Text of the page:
Throwback Thursday: The Five Greatest Nintendo 64 Games Of All Time
On this day in 1996: The Nintendo 64 first appeared in the US!
The N64 was a truly revolutionary console, and one of the most coveted prizes of any 11-year-old that year. It doubled the amount of bits available on my Sega Genesis, rendering games in stunning 3D environments. But its most revolutionary asset was the controller, which featured a small joystick in its center. For an era in which joysticks on controllers are indispensable, it's hard to describe just how novel this was at the time, but trust me: it was definitely a change.
The Nintendo 64 was my "coming-of-age" console, appearing at a time in my life when I was ready to take video games seriously and beat them without using cheat codes. Before I would play games until I got bored, but by then the challenge of completing games, finding all of their hidden secrets and easter eggs, was more interesting. Plus I was eleven and had no life, so what else was there to do with my time?
In honor of the N64's 20th birthday, here are my top five favorite games on the platform:
Shadows of the Empire may have allowed you to play the Battle of Hoth (without having to unlock an extra level at least), but Rogue Squadron gets my vote for best Star Wars game because it put you in the driver's seat of some of the most iconic starships in the SW universe. Not only could you pilot the coveted X-wing, but also my personal favorite, the A-wing, the Y-wing, and the snowspeeder. It was one of the first open-range dogfighting games, and in space no less. What could be more fun than that? Unless it was:
4. Star Fox 64
Star Fox was similar to Rogue Squadron, but it's arcade-style gameplay and adventurous story was, in my opinion, more fun. The Arwing was cooler, the weapons were better, and the interaction with your fellow pilots was always hilarious. Oh man, Peppy used to get so so mad when I would shoot down the guys he was going after. Laying aside the fact that the story revolved around highly intelligent animals piloting starships (ugh, that annoying Slippy!), Star Fox 64 was a great ride. It was also insanely hard: the game didn't have a save feature, and so in order to beat it, you had to play through its entire story in one sitting. And in order to truly beat the game, you had to complete several tasks that put you on a track to the final boss, Andross. If you didn't, the game wouldn't end where you needed it to. Beating StarFox was a monumental task and took me many tries, but I eventually got there. It's also worth mentioning that it was the first game to support the innovative RumblePak, which vibrated the controller during explosions and other pivotal moments. It's a feature still widely used today.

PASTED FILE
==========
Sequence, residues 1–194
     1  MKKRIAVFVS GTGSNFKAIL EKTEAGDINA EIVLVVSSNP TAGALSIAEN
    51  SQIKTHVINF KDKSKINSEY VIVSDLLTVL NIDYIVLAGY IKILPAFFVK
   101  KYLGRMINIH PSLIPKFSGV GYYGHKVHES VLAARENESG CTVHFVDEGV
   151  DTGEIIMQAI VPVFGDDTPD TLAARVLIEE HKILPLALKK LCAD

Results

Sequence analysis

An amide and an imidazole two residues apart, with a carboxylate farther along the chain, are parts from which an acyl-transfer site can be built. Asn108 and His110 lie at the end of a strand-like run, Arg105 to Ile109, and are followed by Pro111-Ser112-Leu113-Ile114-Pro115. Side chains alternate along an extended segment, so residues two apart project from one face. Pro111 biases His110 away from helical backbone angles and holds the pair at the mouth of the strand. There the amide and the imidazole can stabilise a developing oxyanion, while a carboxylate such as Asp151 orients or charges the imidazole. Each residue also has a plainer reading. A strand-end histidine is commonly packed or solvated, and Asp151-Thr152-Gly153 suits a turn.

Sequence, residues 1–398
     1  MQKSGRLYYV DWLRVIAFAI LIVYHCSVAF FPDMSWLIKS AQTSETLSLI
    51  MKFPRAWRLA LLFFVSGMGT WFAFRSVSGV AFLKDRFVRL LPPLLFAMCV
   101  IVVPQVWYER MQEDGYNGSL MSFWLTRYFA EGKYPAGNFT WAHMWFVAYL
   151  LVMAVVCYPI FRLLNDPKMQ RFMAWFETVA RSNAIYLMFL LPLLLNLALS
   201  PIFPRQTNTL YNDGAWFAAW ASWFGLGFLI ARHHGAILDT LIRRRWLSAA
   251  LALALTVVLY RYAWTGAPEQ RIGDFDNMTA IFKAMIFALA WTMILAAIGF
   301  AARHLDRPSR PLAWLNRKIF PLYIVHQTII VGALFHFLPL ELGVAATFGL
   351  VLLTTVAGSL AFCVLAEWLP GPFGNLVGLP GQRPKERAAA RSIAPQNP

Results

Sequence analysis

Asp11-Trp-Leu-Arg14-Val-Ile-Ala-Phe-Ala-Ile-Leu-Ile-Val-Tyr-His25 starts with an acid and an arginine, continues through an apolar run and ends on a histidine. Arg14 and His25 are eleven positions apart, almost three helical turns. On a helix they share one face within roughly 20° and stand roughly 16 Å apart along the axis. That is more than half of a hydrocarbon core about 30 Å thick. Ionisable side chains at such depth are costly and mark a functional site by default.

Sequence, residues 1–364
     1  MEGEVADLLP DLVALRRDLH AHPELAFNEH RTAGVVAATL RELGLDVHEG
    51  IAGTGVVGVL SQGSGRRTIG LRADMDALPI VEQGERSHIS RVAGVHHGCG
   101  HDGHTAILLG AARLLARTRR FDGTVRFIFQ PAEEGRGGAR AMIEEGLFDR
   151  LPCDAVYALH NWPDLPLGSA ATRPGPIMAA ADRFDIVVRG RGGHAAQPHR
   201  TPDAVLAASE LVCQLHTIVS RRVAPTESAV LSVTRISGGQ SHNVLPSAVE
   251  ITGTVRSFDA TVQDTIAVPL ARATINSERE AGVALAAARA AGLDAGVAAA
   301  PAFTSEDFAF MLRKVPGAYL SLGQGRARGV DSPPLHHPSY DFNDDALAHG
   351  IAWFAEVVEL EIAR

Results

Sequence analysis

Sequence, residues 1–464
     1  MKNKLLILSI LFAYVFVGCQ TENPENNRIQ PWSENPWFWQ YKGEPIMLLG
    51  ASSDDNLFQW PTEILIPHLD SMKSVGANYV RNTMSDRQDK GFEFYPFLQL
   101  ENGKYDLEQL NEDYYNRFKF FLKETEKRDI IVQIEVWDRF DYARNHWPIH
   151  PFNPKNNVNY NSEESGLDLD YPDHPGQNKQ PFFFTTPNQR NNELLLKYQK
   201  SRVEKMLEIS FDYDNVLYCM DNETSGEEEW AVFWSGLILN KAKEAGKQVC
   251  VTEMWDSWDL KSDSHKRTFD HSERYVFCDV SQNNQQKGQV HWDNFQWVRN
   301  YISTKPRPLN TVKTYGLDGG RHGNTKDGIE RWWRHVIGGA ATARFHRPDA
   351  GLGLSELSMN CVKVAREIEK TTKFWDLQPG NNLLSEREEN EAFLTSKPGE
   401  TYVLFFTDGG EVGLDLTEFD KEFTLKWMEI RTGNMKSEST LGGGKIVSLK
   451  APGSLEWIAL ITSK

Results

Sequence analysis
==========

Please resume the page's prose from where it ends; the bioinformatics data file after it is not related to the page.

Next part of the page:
Back before Daniel Craig turned MI6 agent James Bond into a "blunt instrument," there was a much more refined, gentlemanly Bond played by Pierce Brosnan. And this Bond's inaugural cinematic outing was turned into a first-person shooter action game that became the N64's third-best-selling video game of all time. What kid didn't feel like playing GoldenEye was sort of taboo? This wasn't Star Wars or Star Fox with lasers, this game had actual guns. And you shot people in the head. There was no blood or gore, but GoldenEye felt a little like the early equivalent of Grand Theft Auto. I played GoldenEye so much that by the time I actually saw the film many years later, I could practically recite it from memory. One of my favorite features was all of those awesome bonus modes like paintball, and the one where everyone had super-sized heads. Teehee.
The Nintendo 64 was my first Nintendo machine, so I didn't grow up playing Super Mario games that much, unless it was at a friend's house. Super Mario 64 was my first real foray into the Mario world, and man, what a foray it was. It was included with the console (remember when having a game that came with your console was always a given? Those were the days!), and it was one of the first open-world 3D games ever. It was innovative and beautiful: you jumped into and out of paintings in a large, many-roomed castle in order to collect enough Stars to defeat Bowser and rescue the princess. Each world was so unique and different that you could spend hours inside of them. Super Mario 64 was the first, and I think only, game that I went completist on. I spent one summer collecting every single star the game could offer. It is still one of my proudest accomplishments.
If you've been here before, you probably expected this game to be number one, as I recently made the case that the Zelda franchise, and Ocarina of Time specifically, deserves its own movie. Ocarina deserves its spot as Number 1 because not only was it the best game on the Nintendo 64, it's still one of the best video games of all time. Zelda revolutionized open-world gaming with features like Z-targeting, but what made it really great was its blend storytelling, action, and problem-solving. It was epic, it was beautiful, it was emotional. It is seriously making me want to unearth my N64 and play through it all over again.
Okay, readers, your turn: is there a crucial N64 game that I left out? What was your favorite? Leave a comment and let me know!